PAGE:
Epicutaneous patch test results in children and adults with allergic contact dermatitis in Karlovac county: a retrospective survey

Ilko Kuljanac, Eva Knežević, Hrvoje Cvitanović
Acta Dermatovenerologica Croatica: ADC 2011, 19 (2): 91-7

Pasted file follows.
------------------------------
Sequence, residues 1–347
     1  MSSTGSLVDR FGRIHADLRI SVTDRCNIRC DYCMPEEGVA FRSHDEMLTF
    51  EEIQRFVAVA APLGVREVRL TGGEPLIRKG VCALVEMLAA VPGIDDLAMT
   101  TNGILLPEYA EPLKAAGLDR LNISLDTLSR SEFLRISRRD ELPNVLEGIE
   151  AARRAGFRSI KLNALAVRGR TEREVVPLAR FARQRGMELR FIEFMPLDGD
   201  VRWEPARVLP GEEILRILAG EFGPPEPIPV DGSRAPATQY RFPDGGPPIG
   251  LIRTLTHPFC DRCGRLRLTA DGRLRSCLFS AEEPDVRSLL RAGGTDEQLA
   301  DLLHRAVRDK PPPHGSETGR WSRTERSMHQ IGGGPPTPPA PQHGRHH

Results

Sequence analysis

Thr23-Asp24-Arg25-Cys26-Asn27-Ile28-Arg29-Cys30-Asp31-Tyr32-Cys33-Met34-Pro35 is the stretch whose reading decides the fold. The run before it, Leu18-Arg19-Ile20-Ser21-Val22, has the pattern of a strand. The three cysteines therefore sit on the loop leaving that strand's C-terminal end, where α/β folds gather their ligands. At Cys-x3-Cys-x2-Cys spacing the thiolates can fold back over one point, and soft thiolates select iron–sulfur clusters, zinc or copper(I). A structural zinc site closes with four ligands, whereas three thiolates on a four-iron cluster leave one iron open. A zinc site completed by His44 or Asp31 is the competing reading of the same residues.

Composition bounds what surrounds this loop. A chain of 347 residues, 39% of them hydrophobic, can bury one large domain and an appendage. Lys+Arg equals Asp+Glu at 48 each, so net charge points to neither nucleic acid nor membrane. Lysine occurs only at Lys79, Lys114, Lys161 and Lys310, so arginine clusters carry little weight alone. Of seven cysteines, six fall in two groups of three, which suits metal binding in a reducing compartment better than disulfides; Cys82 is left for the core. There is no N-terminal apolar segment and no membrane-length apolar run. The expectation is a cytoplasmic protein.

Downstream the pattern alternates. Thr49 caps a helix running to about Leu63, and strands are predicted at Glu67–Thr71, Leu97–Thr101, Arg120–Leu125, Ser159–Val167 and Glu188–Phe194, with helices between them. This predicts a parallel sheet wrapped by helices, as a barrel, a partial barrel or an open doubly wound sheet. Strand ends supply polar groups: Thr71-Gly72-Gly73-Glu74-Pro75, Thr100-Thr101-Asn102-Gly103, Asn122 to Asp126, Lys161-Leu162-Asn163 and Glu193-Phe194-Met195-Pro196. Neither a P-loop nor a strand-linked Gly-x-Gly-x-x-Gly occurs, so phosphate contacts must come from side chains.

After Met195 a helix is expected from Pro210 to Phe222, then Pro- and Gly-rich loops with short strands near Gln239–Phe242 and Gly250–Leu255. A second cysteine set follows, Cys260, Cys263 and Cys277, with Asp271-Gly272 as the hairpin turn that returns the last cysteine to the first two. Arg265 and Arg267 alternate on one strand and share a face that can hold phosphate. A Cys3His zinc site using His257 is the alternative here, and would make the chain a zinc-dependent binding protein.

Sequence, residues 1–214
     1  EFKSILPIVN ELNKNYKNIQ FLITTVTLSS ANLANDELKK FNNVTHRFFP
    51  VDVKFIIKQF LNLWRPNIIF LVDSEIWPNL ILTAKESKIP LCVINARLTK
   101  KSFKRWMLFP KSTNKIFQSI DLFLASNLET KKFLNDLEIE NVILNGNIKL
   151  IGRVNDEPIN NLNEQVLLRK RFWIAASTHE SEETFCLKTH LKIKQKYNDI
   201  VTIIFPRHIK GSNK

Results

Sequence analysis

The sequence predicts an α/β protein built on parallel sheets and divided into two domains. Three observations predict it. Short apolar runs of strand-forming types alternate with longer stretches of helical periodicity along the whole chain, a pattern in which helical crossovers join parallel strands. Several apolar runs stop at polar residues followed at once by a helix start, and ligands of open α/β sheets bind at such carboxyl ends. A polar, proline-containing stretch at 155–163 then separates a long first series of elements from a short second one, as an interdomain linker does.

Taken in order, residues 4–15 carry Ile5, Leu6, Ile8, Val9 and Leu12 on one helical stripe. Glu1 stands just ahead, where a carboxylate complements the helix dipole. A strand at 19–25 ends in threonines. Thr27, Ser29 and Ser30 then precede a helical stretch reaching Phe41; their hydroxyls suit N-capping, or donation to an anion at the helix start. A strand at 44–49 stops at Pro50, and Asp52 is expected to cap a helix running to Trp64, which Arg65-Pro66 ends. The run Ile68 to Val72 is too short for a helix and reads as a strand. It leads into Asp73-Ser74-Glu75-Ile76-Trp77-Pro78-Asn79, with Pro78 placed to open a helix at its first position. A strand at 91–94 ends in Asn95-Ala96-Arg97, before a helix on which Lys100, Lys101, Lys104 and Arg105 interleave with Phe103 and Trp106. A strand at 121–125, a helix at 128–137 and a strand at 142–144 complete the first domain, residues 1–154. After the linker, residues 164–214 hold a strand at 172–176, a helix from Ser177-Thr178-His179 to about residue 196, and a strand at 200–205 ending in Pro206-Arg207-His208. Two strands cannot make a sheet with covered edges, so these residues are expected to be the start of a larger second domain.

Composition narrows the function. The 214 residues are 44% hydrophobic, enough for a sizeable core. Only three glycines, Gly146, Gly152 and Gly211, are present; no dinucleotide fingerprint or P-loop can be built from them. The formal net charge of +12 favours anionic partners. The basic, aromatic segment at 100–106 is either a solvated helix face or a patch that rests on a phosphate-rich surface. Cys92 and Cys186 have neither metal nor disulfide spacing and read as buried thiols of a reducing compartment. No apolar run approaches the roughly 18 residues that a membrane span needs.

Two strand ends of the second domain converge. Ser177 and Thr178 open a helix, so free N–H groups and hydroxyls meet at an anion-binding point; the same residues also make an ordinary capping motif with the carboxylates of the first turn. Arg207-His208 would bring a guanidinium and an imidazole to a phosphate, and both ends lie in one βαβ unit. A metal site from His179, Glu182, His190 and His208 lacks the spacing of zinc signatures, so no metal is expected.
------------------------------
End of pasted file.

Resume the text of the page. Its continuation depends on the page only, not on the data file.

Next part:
The aim of the study was to evaluate the results of epicutaneous patch testing with a standard series of contact allergens in children suspected to have allergic contact dermatitis (ACD), and to compare the results of patch testing between children and adults. Clinical records of children defined as patients aged ≤18 years and adults examined at Department of Dermatology and Venereology, Karlovac General Hospital, for suspicion of ACD during the 1994-2009 period were reviewed. Epicutaneous patch testing with a standard series of contact allergens, manufactured by the Institute of Immunology, Zagreb, Croatia, was performed in group 1 consisting of 412 children (274 female and 138 male, mean age 13.4 years, range 4-18 years) and group 2 consisting of 4440 adult patients (2918 female and 1522 male, mean age 40.3 years, range 19-81 years). The most common six allergens differed between the two groups. Adult subjects were divided into three age subgroups: 19-40 (n=1708), 41-60 (n=1570) and 61-81 (n=1162 subjects). The high sensitization rate in younger subgroup and lower sensitization rate in the oldest group compared to adult patient group as a whole was statistically significant (P<0.05). In children, the most common positive reactions were recorded to nickel sulfate (25.4%), thimerosal (17.8%), cobalt chloride (11.6%), fragrance mix (8.9%), white mercury precipitate (6.2%), formaldehyde (4.7%) and other allergens (25.4%). In adult patients, positive reactions were most common to nickel sulfate (32.6%), cobalt chloride (10.8%), fragrance mix (9.0%), wood tars (7.1%), potassium dichromate (6.6%), balsam of Peru (5.1%) and other allergens (28.8%). The group of children included 179 (43.4%) atopic subjects (according to Hanifin and Rajka criteria) and 233 (56.6%) non-atopic subjects. There was no statistically significant between-group difference and no statistically significant difference in nickel sulfate, cobalt chloride, fragrance mix and balsam of Peru sensitization between children and adult patients. A higher sensitization rate in children versus adults was recorded for thimerosal, white mercury precipitate and formaldehyde. Less frequent sensitization in children versus adults was found for wood tars and potassium dichromate. It is concluded that pediatric ACD exists and is more common than previously recognized. Sensitization to allergens differs between children and adults.

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